Leading operators are even thinking about how their Self-Service platforms should be integrated with social media strategies to allow customers to pay their electronic bills or top up airtime with a single click from within a social network.

Whereas Self-Service portals on telco sites were once purely about account management functions, they increasingly offer far richer functionality. In addition to allowing subscribers to pay their bills and check their account information, they are also increasingly becoming the first stop for service and commerce.

Operators have started to recognise that splintering their e-commerce, service and account management functions simply makes no sense. Customers want to be able to do everything through one interface rather than needing to visit two or three Web sites, or eventually possibly needing to phone a call centre or visit a store for certain transactions.

Integrated and easy to use online customer service channels will be central for telco operators who want to be competitive in the markets of tomorrow. They form an advantage in an industry where it will be customer relationships rather than cost or service that drive loyalty and purchasing decisions.

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Talk for less with MWEB Talk

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Today, MWEB announced its consumer VoIP package called MWEB Talk, which allows users to make free network calls and get discounted rates made to landlines and mobile phones.

MWEB, today launched its new Voice over IP (VoIP) offering to South African consumers. The service, MWEB Talk, will offer users’ free on network calls to fellow MWEB Talk users’ and cheap calls to landline and mobile phone numbers. This follows the success and demand of the ISP’s existing VoIP products in recent months.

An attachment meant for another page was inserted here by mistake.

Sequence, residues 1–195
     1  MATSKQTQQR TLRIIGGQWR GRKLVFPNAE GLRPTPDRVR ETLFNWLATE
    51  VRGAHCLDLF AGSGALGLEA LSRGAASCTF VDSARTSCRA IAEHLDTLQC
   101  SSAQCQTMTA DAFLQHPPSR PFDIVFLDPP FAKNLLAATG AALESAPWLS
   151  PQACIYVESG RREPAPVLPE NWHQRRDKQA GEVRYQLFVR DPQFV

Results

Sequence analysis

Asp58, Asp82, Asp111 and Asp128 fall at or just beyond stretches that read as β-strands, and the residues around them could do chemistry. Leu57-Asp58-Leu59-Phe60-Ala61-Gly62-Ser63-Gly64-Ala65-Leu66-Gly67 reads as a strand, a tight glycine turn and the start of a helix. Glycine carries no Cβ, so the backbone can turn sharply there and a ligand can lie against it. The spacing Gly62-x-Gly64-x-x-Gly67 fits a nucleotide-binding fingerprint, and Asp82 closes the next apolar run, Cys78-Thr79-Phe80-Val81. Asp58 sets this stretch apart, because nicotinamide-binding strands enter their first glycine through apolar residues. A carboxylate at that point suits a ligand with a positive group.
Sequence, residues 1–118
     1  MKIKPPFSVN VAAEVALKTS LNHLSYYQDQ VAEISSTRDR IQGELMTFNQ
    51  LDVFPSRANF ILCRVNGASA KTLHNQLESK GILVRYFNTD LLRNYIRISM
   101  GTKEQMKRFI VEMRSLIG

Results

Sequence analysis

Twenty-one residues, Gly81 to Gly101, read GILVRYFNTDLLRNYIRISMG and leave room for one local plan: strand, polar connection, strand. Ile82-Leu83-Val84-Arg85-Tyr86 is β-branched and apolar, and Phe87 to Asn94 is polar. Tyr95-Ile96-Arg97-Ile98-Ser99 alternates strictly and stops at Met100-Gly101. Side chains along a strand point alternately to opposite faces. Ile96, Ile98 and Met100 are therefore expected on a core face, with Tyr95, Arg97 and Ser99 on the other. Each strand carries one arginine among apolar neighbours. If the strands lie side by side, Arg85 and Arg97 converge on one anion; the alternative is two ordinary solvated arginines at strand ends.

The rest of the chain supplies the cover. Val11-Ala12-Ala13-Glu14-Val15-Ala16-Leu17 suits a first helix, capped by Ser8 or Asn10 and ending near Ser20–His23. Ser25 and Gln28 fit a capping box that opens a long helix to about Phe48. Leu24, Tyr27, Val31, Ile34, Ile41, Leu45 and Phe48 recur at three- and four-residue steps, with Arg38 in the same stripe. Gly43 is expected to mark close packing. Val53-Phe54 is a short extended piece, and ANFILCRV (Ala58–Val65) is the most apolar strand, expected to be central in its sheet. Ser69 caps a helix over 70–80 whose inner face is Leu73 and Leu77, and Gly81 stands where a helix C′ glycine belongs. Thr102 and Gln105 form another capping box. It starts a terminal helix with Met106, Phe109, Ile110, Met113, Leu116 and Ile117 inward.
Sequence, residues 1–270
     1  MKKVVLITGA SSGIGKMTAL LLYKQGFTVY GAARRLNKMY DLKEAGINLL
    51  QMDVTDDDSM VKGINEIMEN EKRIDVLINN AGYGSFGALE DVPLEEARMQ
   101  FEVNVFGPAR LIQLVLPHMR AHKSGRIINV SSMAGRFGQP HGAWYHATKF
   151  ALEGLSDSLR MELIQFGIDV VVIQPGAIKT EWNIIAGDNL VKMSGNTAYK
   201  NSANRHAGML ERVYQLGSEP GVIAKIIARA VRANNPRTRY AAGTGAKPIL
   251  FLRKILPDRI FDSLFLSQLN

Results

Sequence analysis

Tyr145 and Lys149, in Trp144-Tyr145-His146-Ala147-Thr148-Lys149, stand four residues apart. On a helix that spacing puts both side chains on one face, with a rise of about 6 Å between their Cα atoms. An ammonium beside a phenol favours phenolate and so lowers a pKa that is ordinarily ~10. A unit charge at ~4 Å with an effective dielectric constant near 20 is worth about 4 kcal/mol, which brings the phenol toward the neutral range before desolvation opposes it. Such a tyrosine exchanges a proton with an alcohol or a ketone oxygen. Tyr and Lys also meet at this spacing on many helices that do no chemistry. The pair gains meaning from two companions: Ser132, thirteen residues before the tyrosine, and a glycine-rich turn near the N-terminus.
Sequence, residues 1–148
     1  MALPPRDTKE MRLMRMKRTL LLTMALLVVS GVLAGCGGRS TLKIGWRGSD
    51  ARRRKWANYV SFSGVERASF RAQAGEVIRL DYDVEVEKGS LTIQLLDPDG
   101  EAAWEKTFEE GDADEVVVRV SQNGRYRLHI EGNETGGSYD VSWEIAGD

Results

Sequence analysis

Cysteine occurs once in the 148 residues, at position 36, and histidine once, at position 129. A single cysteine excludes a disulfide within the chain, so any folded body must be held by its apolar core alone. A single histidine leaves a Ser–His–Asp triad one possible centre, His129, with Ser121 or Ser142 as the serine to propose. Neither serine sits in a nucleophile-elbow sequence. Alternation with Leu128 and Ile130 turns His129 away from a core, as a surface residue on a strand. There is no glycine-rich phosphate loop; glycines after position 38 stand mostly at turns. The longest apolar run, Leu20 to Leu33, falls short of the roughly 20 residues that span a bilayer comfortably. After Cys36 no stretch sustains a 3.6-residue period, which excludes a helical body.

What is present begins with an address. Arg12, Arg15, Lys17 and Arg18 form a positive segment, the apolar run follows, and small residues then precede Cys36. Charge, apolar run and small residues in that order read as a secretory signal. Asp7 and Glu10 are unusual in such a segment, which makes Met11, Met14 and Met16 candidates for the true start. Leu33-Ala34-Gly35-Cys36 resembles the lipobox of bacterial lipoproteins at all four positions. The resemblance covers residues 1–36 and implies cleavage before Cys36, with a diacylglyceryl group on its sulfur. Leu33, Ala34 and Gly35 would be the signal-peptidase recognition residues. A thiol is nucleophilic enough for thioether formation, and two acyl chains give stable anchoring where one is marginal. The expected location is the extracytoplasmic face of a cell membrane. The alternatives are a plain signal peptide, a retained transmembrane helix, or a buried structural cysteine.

‚”We have seen a noticeable transformation in users’ Internet behaviour with consumers wanting services that complement their ADSL connectivity solution. We have seen phenomenal growth and by the end of the year will deliver over 100 million minutes on our VoIP platform,‚” says Carolyn Holgate, General Manager of MWEB Connect, the ISP’s Consumer and Small Office/ Home Office Division.

MWEB has made significant investments in its infrastructure and VoIP has been prioritised on its network to ensure performance and stability of the MWEB Talk service for both businesses and consumers.

‚”In addition to the high quality of the service, MWEB Talk is also simple to set-up and users’ should experience a significant reduction in their telephone bills. By implementing a VoIP service consumers and small businesses can cut their monthly telecommunication bills by up to 55% to landline and mobile numbers,‚” says Holgate.

With no subscription fee, existing MWEB customers can log into their MWEB account, register for the service and download the application for PC and Mac as well as mobile applications that turn an iPhone, Android, and Nokia smartphone into a VoIP phone. Customers will also be able to purchase a Desktop VoIP Handset for R99 which will be HD voice ready and will support multi-extensions.

‚”We believe that VoIP is the future of telephony in South Africa and we are extremely excited to see the consumer market shift into the VoIP space,‚” concludes Holgate.